Fort Bliss

Posted by Joel Copling on September 28, 2014

As written and directed by Claudia Myers, "Fort Bliss" is as noble in its subject matter as it is maudlin in its treatment of it. For here is a movie that revolves around a female soldier in the U.S. Army who must juggle home life with the prospect, ever-looming, of new deployments to Afghanistan or elsewhere. It is a terrific idea for a film in a month when FOX News hosts speculate whether a female fighter pilot is "boobs on the ground," and its execution sometimes matches its ambition, notably in sequences that show the protagonist's devotion to her country. Unfortunately, the film also features on-the-nose writing and a particularly intrusive score that underlines, boldens, and italicizes every, solitary second. The melodrama causes a solid foundation to wobble and collapse before the halfway point.

This is most apparent when Maggie Swann (Michelle Monaghan) comes home to Texas to see her five-year-old son Paul (Oakes Fegley), whose emotional connection to her has more or less vanished. She's been gone this time for 15 months--nearly a third of his life, a fact of which Maggie's estranged ex-husband Richard (Ron Livingston) wastes no time to remind her. The scenes of reconciliation between mother and child should be moving, but naturalistic though young Fegley's debut performance is, there is so little time spent on it--and so much more time spent on Maggie's struggle to see Alma (Ron Livingston), Richard's new fiancee and mother to a future child, taking up her role in her absence and budding, surprisingly sensual romance with an automechanic (Manolo Cardona) who fixes her car--the effect is undermined. It's a further shame, since Monaghan dominates in the role of hardened but haunted war veteran.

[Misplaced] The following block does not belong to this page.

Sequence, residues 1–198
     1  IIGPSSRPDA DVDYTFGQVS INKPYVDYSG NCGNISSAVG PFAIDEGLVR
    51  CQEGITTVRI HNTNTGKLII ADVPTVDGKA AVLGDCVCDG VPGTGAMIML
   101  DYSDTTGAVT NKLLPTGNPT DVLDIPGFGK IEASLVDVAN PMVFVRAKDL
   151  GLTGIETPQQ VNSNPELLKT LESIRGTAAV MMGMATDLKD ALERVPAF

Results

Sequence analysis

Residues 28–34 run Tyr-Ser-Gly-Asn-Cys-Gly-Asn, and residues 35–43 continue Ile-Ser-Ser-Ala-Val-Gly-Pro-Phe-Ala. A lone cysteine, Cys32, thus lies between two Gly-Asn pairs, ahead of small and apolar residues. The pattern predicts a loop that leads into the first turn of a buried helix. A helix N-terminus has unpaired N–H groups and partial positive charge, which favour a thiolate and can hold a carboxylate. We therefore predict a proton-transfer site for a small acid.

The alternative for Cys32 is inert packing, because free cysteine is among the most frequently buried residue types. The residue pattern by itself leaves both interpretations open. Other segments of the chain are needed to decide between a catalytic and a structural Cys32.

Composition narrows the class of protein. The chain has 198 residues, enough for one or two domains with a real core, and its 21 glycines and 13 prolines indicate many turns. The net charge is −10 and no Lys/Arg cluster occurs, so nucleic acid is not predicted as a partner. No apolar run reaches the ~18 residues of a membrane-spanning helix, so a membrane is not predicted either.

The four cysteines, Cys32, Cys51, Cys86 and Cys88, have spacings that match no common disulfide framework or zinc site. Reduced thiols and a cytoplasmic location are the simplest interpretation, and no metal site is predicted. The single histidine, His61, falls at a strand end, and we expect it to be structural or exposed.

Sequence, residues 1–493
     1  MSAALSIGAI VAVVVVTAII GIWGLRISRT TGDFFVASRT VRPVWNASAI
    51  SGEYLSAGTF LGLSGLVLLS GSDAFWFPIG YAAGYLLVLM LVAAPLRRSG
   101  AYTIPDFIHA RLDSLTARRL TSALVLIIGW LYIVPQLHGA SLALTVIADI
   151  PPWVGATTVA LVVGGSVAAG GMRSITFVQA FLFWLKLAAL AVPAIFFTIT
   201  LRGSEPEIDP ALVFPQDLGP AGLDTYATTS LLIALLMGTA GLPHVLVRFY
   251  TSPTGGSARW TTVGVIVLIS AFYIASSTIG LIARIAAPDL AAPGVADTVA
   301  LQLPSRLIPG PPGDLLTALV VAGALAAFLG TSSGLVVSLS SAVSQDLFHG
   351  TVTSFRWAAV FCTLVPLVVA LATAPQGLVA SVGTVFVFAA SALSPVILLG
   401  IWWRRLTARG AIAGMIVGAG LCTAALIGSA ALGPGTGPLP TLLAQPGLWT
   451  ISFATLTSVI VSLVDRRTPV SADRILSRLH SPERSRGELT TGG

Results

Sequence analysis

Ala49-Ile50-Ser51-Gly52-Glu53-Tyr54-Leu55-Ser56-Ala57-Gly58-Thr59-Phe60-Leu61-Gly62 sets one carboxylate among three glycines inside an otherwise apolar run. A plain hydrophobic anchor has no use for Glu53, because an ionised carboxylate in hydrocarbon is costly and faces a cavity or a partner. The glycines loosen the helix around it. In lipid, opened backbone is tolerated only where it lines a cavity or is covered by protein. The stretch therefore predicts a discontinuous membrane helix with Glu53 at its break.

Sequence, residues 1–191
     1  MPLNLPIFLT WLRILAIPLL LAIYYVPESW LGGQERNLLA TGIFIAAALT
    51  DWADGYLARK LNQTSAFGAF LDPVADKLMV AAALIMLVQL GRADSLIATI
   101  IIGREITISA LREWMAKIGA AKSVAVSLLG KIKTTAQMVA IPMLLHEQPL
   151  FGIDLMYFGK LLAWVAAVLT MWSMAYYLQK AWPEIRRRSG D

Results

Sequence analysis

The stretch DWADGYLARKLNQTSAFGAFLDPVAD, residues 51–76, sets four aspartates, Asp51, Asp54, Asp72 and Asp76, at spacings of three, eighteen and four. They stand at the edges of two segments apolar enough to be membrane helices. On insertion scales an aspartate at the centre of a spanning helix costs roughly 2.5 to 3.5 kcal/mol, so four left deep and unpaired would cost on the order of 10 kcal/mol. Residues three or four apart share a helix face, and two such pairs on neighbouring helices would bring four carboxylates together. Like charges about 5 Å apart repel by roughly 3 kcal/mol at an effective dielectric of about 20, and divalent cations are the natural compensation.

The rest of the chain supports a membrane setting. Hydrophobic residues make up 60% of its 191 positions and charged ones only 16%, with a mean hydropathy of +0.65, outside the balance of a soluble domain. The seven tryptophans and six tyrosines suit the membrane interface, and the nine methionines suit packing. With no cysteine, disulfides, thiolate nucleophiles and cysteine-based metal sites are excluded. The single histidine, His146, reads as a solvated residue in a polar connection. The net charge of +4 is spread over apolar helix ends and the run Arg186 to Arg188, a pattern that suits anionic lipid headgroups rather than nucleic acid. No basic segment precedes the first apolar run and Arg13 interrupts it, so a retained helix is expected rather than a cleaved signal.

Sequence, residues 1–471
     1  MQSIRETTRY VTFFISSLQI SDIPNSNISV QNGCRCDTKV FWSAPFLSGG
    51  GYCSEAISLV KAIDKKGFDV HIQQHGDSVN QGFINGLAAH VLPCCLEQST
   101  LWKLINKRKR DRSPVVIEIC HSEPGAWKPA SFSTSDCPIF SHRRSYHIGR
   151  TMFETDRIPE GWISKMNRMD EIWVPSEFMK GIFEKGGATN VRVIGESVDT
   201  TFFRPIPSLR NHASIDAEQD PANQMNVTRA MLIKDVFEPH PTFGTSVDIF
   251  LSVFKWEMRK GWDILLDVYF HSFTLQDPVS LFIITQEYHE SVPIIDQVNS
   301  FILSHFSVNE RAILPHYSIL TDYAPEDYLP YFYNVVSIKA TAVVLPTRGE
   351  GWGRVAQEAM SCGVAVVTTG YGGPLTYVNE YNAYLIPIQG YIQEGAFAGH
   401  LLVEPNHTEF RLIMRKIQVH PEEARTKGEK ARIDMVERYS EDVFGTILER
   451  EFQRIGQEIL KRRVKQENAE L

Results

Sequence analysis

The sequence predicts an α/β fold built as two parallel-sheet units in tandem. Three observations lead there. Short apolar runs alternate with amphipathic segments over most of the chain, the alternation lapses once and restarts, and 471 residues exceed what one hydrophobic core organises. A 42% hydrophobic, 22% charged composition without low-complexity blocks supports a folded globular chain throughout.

That aspect is much better, as Maggie flashes back to her time with a wrong-headed CO (Pablo Schreiber) and, in the present, comes to terms with commanding a group of soldiers who have problems with a woman doing the command, though distrust comes particularly from a combat-happy Sgt. Butcher (Gbenga Akinnagbe), to whom the job nearly passes on when Maggie opts to stay with Paul. Monaghan is at her best when in the uniform (The harrowing opening scene demonstrates Maggie's formidable medic skills); when Maggie returns to home, even a solid performance cannot maintain the wearying way that "Fort Bliss" trudges through melodramatic material with such a heavy hand. In other words, this is a good movie and a bad one mashed together and largely focused upon the bad one.

Film Information

Michelle Monaghan (Maggie Swann), Oakes Fegley (Paul), Ron Livingston (Richard), Emmanuelle Chriqui (Alma), Manolo Cardona (Luis), Gbenga Akinnagbe (Sgt. Butcher), Dash Mihok (SSgt. Malcolm), Pablo Schreiber (SSgt. Donovan), Freddy Rodriguez (Garver), John Savage (Mike Swann).

Directed and written by Claudia Myers.

No MPAA rating.

116 minutes.

Released in New York City on September 19, 2014.